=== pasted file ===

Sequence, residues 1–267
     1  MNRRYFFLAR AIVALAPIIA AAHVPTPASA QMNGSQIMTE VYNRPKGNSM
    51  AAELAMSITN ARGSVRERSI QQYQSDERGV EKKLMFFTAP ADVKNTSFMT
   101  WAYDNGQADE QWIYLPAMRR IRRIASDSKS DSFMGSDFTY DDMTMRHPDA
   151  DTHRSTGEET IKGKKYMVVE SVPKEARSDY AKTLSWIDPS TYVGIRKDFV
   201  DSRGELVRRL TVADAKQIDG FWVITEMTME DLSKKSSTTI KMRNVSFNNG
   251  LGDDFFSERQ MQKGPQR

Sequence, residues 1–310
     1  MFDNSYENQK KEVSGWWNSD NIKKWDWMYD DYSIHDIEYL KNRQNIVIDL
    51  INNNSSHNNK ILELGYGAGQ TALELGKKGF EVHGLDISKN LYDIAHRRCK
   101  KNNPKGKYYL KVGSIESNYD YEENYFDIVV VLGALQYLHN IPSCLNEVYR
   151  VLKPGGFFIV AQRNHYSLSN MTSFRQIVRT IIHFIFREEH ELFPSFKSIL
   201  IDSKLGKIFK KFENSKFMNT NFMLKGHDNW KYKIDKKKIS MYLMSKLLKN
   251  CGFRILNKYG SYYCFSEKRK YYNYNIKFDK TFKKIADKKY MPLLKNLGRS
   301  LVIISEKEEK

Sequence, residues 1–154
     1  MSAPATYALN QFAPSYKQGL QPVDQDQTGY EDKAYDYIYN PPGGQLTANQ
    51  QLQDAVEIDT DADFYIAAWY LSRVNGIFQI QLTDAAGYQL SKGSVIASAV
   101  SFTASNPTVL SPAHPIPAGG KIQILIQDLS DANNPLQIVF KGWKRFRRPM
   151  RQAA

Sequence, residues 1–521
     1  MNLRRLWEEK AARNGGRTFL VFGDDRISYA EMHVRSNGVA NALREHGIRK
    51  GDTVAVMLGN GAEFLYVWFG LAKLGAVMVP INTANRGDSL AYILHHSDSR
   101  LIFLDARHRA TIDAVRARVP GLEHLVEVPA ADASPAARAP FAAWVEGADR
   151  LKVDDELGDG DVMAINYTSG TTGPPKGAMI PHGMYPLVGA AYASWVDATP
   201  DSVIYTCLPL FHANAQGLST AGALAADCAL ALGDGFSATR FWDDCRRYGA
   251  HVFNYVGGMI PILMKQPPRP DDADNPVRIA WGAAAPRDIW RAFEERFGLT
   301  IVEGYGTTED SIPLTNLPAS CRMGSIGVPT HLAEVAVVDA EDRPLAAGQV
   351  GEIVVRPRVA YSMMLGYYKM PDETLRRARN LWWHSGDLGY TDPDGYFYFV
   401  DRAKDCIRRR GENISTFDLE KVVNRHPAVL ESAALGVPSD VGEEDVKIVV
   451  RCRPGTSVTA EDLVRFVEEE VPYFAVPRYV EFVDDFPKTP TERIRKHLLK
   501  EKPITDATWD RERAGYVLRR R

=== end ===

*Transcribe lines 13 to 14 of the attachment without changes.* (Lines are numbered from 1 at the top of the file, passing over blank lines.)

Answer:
   201  IDSKLGKIFK KFENSKFMNT NFMLKGHDNW KYKIDKKKIS MYLMSKLLKN
   251  CGFRILNKYG SYYCFSEKRK YYNYNIKFDK TFKKIADKKY MPLLKNLGRS